Managing Public and Private Datasets in Smart Cities

  • Come see us at the #GCTC Global Tech Jam in Portland Sept 11, 2019 at 3:00 for the panel discussion “Building an Open Smart City Platform.”
  • Download the Paper: Published in ACM SCC 2019 by Isaac Potoczny-Jones, Erin Kenneally, and John Ruffing.

The Global Tech Jam is an annual conference focused on bringing emerging technology together to better communities and quality of life. This year, the event is being held in Portland, OR September 10-12th, 2019. Tozny CEO, Isaac Potoczny-Jones will be giving a talk on our work around Smart City privacy protection.  Below is the abstract of his talk.


The past year has seen increasing scrutiny of Smart Cities efforts with regard to privacy. Privacy advocates have criticized Smart City data collection, and critiqued specific city efforts that they feel have crossed a line.

Cities struggle with a number of privacy issues. These include how to address third party collection of Smart City data, how cities consume personally identifying information, and how public records laws intersect with privacy concerns.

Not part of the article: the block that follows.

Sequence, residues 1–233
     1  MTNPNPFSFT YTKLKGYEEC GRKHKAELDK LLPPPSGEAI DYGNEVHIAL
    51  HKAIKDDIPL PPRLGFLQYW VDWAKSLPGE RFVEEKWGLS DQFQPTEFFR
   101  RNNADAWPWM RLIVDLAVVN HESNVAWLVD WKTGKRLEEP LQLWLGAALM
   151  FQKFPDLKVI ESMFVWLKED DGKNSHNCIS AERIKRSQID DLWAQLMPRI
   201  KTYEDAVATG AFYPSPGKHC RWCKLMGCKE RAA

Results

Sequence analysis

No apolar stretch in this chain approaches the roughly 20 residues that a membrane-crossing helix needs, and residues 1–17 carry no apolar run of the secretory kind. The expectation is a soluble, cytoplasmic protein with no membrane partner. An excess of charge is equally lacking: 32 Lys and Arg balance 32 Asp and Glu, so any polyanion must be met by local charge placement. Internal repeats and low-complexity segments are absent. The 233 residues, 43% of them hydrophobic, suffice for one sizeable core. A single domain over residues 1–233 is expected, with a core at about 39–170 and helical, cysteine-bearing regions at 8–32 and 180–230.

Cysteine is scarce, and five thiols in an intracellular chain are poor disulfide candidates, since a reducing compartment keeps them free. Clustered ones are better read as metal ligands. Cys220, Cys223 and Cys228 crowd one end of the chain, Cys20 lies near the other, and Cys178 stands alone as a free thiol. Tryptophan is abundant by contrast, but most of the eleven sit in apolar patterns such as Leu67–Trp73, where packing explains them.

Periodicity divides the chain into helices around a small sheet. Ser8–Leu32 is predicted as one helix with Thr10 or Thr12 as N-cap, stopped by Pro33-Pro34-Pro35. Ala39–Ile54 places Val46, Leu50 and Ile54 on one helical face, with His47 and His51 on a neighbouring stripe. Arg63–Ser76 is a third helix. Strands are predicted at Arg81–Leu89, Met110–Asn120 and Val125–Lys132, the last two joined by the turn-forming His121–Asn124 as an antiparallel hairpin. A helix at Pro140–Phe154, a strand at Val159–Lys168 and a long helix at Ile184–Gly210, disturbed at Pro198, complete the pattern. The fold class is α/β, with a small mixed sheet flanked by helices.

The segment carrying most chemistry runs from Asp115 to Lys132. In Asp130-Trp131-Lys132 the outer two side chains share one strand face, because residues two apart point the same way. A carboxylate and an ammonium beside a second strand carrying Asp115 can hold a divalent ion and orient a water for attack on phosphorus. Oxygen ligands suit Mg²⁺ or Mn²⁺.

Public Record Laws

Most datasets that cities collect are subject to disclosure under public record laws, with an obligation to anonymize private information. As the amount and availability of data increases, the ability to cross-reference, correlate, and de-anonymize or re-sensitize data sets also increases. This leads to re-identification attacks that infringe on the privacy of individuals in those datasets, and fosters mistrust in city governments and technology vendors. A fundamental challenge is that open data and privacy interact in complex and unpredictable ways. Some cities allow third parties to collect and manage data in an effort to encourage innovation in the delivery of city services. They simultaneously wrestle with the legal and policy implications, such as privacy and public records law compliance. Unfortunately, this may also have undesirable privacy outcomes depending on third-party use of that data and the city’s role in encouraging its collection.

In this paper, we discuss concrete approaches to smart cities data privacy governance including collection and management. Specifically, an innovative pilot project supported by the U.S. Department of Homeland Security, Science & Technology Directorate aimed at demonstrating how privacy technology can help harmonize data sensitivity risks with intended benefits.